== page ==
James O'Brien 10am - 1pm
How will GCSE and A-level grades be calculated in 2021?
25 February 2021, 07:45
A new way to grade GCSE and A-level students during Covid-19 has been devised after exams were cancelled amid the Covid pandemic. But how will results be calculated?
Education Secretary Gavin Williamson confirmed on Wednesday that schools and colleges in England would be moving away from a controversial algorithm that threw results day 2020 into chaos.
A new system has been devised which places more trust in teachers to decide their students' futures while exams are on hold due to the pandemic.
But when schools return on March 8, how will pupils be assessed? How can they challenge their grades?
Will an algorithm be used to set grades?
No algorithm will be used by regulator Ofqual this year to standardise teachers' grades if they appear too generous.
The idea was scrapped after thousands of students had their results downgraded due to factors such as class size and the previous performance of their school.
After a wave of furious protests by students, teachers and parents, Ofqual made a U-turn and allowed them to use teachers' predictions.
Instead, teachers are exclusively allowed to decide, judging their classroom based on their performance throughout the year.
How will teachers assess their students?
Teachers have been asked to draw on a range of evidence when determining grades, including mock exams, coursework or other work completed as part of a course, such as essays or in-class tests.
Exam boards will provide teachers with optional assessment questions for students to answer to also help schools decide which grades to award.
But it is understood that teachers will have the flexibility to choose how long students have to complete the task and where it will be carried out.
Teaching unions have largely welcomed the decision which has been described as a path "which avoids the awful chaos of last year".
Joint general secretary of the National Education Union, Mary Bousted, said the announcement was "better" than the original proposals and was "likely the least worst option available".
But she added: "However, there are still question marks over how it is expected that the extra work necessary to facilitate grading will be dealt with."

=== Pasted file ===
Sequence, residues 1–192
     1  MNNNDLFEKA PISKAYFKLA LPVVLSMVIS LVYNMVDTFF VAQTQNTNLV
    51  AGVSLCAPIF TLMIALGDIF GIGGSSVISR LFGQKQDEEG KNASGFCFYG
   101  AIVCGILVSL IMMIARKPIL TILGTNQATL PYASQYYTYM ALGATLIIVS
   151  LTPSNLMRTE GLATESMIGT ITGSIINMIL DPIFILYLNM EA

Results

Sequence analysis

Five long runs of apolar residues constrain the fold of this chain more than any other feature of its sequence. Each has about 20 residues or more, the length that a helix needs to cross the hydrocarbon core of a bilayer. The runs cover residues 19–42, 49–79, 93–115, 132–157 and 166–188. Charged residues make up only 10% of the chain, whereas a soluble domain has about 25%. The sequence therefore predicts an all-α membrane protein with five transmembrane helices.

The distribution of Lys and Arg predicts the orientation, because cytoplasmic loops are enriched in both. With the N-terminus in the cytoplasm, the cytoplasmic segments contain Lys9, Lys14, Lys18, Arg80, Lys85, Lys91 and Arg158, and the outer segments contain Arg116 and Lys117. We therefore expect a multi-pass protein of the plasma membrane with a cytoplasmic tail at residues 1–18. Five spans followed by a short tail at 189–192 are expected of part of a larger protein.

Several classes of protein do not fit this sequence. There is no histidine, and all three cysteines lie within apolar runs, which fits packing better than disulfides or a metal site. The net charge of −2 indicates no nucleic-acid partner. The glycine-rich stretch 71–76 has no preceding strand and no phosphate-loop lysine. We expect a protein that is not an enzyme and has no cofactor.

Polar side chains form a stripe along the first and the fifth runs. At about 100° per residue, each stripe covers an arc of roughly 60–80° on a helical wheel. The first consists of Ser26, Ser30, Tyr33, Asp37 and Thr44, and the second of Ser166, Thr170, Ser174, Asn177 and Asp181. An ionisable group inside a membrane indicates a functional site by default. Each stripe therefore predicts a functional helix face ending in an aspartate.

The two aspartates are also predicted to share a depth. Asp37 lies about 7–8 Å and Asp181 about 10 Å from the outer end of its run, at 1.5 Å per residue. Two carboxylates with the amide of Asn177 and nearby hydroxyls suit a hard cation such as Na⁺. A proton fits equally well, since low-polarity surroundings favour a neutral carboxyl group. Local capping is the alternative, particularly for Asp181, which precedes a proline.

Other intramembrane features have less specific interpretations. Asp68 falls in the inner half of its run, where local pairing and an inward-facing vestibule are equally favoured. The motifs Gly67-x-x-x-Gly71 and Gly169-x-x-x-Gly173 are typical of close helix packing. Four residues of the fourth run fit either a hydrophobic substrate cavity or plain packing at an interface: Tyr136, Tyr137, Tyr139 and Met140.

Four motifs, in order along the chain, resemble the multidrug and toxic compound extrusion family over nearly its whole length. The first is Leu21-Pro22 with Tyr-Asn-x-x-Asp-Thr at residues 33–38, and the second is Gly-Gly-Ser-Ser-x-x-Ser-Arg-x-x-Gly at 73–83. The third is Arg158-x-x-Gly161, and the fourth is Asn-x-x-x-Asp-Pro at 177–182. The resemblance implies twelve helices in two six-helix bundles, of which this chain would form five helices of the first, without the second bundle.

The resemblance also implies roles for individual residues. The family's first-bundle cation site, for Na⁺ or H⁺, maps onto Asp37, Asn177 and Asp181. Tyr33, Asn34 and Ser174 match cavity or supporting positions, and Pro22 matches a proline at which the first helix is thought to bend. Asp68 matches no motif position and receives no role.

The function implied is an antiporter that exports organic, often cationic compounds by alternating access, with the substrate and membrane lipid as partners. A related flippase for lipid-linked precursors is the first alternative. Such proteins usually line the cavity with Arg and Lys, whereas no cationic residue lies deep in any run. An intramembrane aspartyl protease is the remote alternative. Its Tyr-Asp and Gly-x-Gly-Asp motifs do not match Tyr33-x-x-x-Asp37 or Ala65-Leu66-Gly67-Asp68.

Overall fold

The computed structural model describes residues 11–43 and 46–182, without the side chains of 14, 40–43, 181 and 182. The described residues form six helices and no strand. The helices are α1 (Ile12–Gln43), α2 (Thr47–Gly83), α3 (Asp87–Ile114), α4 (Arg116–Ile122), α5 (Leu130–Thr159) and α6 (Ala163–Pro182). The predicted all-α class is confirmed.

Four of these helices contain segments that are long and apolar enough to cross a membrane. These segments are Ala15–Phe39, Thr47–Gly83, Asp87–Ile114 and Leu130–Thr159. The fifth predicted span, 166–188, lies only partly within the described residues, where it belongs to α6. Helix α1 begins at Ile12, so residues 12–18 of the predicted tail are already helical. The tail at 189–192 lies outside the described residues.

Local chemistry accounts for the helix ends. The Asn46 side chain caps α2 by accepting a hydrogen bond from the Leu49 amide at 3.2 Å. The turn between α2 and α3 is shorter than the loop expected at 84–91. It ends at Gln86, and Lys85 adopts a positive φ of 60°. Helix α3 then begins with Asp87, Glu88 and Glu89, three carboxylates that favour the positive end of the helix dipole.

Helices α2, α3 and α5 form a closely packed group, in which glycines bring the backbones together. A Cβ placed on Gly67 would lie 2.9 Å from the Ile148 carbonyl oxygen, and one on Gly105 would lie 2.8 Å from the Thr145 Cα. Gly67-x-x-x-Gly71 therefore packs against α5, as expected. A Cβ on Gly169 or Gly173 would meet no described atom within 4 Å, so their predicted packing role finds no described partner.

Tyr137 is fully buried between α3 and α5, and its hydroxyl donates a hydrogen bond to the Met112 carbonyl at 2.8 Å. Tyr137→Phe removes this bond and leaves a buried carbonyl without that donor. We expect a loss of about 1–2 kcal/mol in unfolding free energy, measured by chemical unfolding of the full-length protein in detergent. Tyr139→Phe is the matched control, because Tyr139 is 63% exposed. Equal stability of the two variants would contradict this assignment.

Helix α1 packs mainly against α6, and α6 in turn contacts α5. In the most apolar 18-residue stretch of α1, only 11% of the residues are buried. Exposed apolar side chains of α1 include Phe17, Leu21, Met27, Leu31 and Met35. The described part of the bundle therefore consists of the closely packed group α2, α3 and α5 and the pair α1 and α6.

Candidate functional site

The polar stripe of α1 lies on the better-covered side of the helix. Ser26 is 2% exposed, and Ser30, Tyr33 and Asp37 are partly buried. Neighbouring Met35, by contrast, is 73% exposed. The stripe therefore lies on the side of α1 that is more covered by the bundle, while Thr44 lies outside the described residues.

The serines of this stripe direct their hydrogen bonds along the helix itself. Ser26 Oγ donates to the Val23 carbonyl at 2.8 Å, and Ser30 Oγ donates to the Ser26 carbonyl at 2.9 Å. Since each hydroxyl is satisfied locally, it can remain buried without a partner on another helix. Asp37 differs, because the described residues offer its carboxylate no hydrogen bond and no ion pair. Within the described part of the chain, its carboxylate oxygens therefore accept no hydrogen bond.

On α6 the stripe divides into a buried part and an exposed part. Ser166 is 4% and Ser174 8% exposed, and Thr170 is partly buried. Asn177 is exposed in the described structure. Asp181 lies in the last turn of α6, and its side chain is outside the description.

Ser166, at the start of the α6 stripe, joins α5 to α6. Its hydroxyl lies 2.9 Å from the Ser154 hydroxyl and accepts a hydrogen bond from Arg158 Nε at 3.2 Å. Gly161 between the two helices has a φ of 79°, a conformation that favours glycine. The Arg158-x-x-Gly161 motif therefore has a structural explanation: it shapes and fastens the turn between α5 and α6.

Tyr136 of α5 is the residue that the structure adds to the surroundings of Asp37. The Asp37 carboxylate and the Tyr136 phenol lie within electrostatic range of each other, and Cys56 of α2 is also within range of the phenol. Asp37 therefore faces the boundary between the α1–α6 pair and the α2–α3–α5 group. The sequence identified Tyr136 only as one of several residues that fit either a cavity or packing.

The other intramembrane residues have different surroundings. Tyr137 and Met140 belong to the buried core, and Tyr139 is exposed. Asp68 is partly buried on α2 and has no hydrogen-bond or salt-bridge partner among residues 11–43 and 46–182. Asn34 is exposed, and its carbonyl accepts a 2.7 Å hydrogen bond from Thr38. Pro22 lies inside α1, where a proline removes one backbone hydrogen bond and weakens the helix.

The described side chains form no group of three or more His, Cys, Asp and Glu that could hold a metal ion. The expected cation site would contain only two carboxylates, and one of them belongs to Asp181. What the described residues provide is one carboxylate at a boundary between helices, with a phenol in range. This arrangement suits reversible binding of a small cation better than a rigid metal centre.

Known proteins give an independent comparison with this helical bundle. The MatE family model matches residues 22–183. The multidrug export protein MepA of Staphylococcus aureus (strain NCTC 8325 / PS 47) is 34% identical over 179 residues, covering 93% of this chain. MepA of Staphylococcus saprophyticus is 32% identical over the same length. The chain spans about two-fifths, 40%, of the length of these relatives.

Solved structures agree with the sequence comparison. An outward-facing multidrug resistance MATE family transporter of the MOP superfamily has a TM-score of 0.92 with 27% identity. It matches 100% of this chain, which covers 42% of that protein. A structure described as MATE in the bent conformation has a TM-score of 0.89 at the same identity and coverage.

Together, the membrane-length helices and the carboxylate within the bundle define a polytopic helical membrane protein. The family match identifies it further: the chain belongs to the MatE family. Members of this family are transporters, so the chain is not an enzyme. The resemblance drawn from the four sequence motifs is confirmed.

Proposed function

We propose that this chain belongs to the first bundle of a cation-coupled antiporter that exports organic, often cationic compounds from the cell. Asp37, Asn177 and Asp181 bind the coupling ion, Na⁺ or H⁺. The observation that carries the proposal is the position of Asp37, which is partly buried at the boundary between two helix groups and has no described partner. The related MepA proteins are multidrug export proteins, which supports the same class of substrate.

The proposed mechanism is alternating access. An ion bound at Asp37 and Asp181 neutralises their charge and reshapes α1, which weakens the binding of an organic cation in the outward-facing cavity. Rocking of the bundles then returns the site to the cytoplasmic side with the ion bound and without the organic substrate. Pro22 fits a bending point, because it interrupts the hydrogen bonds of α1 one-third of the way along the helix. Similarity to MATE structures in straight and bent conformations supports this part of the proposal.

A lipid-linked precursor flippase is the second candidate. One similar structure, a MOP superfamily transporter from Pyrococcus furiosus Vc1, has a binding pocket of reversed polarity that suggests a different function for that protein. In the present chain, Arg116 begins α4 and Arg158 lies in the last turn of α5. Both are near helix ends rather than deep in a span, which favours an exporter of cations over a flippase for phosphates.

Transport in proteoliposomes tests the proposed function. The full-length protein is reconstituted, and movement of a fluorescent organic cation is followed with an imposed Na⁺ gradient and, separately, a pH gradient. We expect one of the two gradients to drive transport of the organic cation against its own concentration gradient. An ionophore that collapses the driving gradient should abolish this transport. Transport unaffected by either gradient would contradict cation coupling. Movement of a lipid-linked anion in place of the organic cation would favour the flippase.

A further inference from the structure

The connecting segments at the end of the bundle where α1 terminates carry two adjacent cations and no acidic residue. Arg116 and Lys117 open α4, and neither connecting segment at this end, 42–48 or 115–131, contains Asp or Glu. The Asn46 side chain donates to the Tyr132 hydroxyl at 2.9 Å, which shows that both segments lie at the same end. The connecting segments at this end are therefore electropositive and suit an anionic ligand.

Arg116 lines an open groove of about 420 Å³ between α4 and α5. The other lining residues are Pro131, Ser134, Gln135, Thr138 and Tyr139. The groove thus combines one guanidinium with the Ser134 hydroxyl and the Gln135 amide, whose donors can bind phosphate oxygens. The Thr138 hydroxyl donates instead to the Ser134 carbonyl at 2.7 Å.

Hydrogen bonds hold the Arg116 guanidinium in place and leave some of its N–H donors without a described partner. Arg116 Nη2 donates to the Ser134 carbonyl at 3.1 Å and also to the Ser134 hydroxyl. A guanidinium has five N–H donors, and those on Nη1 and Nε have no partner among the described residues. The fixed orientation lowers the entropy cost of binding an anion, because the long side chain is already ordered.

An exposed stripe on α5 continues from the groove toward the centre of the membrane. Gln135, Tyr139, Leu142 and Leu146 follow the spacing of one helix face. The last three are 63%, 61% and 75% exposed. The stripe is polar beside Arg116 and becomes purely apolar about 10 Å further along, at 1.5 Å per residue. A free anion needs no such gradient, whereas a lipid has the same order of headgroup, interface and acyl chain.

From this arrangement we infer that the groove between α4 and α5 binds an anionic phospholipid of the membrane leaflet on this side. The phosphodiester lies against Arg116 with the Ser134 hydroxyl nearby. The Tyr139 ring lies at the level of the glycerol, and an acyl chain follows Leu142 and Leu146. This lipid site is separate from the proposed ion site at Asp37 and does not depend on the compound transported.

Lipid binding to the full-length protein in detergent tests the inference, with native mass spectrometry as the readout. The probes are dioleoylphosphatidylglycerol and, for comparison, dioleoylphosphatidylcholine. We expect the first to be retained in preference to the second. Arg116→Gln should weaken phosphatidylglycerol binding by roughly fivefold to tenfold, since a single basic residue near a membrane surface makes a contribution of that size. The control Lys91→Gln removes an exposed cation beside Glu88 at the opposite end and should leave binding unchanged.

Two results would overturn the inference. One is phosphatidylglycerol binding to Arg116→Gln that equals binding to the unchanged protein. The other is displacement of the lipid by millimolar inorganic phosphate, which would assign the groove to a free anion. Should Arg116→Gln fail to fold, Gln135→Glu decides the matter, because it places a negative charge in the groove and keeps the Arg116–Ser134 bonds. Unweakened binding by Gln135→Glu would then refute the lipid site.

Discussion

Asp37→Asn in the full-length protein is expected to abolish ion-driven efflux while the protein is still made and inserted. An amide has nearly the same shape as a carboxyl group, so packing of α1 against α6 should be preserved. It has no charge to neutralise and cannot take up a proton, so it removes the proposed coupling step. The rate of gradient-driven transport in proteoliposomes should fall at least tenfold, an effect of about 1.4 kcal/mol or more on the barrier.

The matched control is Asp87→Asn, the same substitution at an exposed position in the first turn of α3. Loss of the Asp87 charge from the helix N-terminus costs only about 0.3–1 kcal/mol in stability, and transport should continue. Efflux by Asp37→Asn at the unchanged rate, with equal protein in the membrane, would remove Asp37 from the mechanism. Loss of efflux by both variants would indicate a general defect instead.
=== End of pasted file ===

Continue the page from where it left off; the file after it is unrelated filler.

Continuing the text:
Can pupils challenge their grades if they are unhappy?
If students feel their school or college did not go through the right process when deciding their grades, or there has been an administrative error, they can appeal with no additional cost.
In fact, students will receive their grades earlier than normal in August to allow time for a significant number of disputes.
They will also be able to challenge grades if they feel that specific circumstances, such as bereavement at the time of an assessment, were not taken into account.
An application for an appeal will go through the school or college first where they will be asked to check for errors or process issues.
If a student is still unhappy with the grade, then the appeal can be raised with exams boards who will then assess whether the teachers' judgment is fair.
Students will also be offered the chance to sit exams in the autumn.
What will happen with BTEC qualifications?
The results for some vocational qualifications will be released in the week of August 9 and are decided using the same system.
Most vocational courses are BTEC and Cambridge National qualifications, which are often taught alongside GCSEs and A-levels and are often used for university or college places, will receive grades assessed by teachers.
How does England differ from plans in devolved nations?
In Wales, GCSE, AS-level and A-level students will receive grades determined by their teachers on August 9.
In Scotland, Higher and Advanced Higher grades will be decided by "teacher judgment supported by assessment" and no algorithm will be used to adjust results.
Meanwhile, in Northern Ireland schools will determine pupils' GCSE and A-level grades.
Results days will remain as previously announced - A-levels on August 24 and GCSEs on August 27.